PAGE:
The Modesto Fire Department offers families help in dealing with child fire setters through the
Youthful Fire Setter Prevention Program. The mission of the program is to change the fire setting
behavior in children and young adults.
Here's how the program works
A representative from the Modesto Fire Department contacts the parents or guardians by telephone
and schedules an interview to determine the severity of the fire setting problem. The
representative then meets with the youth to share fire safety information and educate on the
consequences of fire setting. A final meeting is set between the representative, parents/guardians,
and youth to provide additional fire prevention education. The representative follows up with a
telephone call two to three weeks following the final interview. A referral may be made to a family
counseling agency as needed.
For more information, email Youthful Firesetters Program at firstname.lastname@example.org
- Lighters account for 44% of all youth-started fires and matches account for 31%.
- In 2002, children playing with fire started an estimated 13,900 structure fires, causing an
estimated 210 civilian deaths, 1250 injuries and $339 million in direct property damage.
- Half of all arson arrests are juveniles.
All children are curious about fire. This curiosity is normal and healthy. However, children
who become fire setters usually have underlying problems which need to be addressed. Typically,
they will not stop on their own without intervention. Whatever the motivation for the fire setter,
tragedies can and do occur.
Curious Fire Setter
The “curious fire setter” is interested in matches or lighters, has a fascination with fire, is
very curious about the environment, is determined to learn about it and does not understand the
consequences of fire.
The fires they set are usually started with matches or lighters using ordinary and available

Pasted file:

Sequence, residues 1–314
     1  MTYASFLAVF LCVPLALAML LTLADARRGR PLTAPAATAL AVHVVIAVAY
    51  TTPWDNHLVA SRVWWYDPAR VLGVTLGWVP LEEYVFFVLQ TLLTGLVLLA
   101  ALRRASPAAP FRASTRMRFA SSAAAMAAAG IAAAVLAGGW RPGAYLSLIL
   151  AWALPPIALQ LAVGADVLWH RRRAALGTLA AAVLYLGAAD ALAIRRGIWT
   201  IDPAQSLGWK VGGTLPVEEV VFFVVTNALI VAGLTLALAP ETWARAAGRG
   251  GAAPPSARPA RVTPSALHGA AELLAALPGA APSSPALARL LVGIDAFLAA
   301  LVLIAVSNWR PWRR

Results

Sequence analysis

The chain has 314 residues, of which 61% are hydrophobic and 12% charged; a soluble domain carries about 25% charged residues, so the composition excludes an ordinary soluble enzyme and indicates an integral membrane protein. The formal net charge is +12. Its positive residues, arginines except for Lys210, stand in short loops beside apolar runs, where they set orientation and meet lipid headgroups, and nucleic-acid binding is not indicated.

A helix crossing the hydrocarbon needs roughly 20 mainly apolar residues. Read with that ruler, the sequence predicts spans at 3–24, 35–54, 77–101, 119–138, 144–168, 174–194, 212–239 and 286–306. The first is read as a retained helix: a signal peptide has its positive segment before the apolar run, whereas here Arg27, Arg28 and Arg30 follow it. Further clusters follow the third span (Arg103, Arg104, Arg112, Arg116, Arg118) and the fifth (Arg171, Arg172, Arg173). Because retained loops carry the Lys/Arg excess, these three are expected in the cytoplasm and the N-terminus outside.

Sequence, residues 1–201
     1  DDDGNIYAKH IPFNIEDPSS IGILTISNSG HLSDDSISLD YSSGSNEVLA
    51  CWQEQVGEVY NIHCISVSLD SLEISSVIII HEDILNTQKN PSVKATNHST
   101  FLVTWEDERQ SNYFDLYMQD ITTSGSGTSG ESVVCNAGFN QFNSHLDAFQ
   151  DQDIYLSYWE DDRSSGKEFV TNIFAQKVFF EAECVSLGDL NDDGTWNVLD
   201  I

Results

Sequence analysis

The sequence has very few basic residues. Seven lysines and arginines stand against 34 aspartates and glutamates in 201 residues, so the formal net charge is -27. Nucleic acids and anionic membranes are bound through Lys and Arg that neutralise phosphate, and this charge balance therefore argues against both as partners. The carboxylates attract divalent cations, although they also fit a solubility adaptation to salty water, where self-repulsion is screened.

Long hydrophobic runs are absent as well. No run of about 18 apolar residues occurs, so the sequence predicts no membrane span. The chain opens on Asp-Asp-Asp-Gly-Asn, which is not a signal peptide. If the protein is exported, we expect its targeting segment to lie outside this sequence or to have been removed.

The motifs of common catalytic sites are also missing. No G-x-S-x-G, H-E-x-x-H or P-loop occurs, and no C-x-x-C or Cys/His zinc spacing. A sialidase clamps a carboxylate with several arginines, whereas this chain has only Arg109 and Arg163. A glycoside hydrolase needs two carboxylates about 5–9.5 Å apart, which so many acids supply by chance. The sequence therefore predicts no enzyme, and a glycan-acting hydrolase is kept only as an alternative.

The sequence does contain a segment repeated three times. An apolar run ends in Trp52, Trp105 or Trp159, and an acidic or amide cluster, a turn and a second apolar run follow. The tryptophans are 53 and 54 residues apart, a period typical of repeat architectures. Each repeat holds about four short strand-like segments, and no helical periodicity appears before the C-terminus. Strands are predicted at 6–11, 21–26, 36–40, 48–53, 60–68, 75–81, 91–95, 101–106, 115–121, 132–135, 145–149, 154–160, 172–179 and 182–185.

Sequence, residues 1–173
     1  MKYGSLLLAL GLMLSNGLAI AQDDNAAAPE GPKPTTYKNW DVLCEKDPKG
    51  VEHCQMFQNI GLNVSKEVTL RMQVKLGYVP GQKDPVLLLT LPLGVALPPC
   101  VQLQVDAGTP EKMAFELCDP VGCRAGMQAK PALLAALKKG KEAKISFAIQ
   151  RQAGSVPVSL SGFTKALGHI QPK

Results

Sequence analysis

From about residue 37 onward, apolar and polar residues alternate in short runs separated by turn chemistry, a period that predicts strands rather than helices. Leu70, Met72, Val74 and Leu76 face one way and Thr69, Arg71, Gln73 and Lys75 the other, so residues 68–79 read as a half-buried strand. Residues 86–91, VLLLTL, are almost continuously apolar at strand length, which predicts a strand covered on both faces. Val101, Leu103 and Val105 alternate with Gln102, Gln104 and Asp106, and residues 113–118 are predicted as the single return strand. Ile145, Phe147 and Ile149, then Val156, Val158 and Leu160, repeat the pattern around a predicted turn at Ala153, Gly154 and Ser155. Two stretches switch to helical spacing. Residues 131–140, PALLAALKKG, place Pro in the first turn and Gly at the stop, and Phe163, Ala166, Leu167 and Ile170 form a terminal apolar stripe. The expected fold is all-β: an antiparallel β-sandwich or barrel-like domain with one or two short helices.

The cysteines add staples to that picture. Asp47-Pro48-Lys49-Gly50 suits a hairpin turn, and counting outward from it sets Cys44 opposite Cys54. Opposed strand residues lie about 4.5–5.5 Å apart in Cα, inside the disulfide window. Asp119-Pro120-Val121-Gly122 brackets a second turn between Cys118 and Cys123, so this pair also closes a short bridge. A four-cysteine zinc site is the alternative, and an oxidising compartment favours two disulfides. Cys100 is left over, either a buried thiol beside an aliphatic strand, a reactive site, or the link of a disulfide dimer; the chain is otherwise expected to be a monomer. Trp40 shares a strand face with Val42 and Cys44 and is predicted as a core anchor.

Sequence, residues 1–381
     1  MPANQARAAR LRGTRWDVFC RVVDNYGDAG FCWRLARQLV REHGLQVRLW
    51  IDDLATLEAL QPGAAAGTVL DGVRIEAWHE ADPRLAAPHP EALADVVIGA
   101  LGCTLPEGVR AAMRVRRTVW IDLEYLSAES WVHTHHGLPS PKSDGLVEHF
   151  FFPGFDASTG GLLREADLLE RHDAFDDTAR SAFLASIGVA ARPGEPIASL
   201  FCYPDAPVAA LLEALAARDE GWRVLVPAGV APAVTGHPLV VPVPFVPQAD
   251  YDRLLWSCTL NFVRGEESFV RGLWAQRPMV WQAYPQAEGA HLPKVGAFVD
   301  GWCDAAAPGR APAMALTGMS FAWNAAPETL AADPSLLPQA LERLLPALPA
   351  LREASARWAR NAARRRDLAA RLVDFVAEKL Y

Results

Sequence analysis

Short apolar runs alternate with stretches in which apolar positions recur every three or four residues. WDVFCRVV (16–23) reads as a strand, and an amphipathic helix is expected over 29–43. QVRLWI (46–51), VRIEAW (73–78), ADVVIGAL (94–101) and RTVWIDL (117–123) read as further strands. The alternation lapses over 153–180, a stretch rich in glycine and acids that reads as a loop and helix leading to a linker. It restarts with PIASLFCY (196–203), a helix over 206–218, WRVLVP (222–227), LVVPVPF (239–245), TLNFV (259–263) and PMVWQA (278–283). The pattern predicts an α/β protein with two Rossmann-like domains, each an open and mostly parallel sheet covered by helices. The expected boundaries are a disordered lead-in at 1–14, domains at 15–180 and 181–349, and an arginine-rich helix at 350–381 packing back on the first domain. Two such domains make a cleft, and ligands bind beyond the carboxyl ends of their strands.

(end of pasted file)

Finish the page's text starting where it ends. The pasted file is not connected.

materials like paper, cloth or carpeting. They are often in “hidden” locations like a closet or
Crying for Help Fire Setter
This fire setter sets numerous fires and often continues to set fires despite punishment. The child
usually has trouble in school, is hyperactive, impulsive or destructive, may lie or steal and may
have attention deficit disorder.
Any child can be a potential fire setter. Curiosity about fire is part of a child’s growing
process, especially between the ages of 3 and 9. The majority of fires set by children are set
out of curiosity or experimentation. Fire setting behavior in some children is a way of expressing
feelings of frustration, unhappiness and need. They may be angry over changes in the home or at
school, and will use fire to get the attention they need.
If you discover evidence of match play or notice an unusual attraction to flame, don’t try to frighten or scare your child. Don’t punish your child for his or her natural curiosity. Instead, talk to your child in a calm, assured manner, explaining your worry for their safety. Teach your child about fire as a tool not a toy. Control your child’s access to fire and most of all, set a good example.
Fire Safety Check List
You can be prepared in the event of a fire emergency by following these guidelines:
- Install and maintain smoke detectors.
- Develop and practice a home escape plan, and select a place outside for everyone to meet after leaving the house.
- Plan two exists from every room in your home.
- Crawl low under smoke.
- If your clothes are on fire, don’t panic –STOP, DROP, and ROLL.
- Do not re-enter a burning building.
- Call the fire department from a neighbor’s house.
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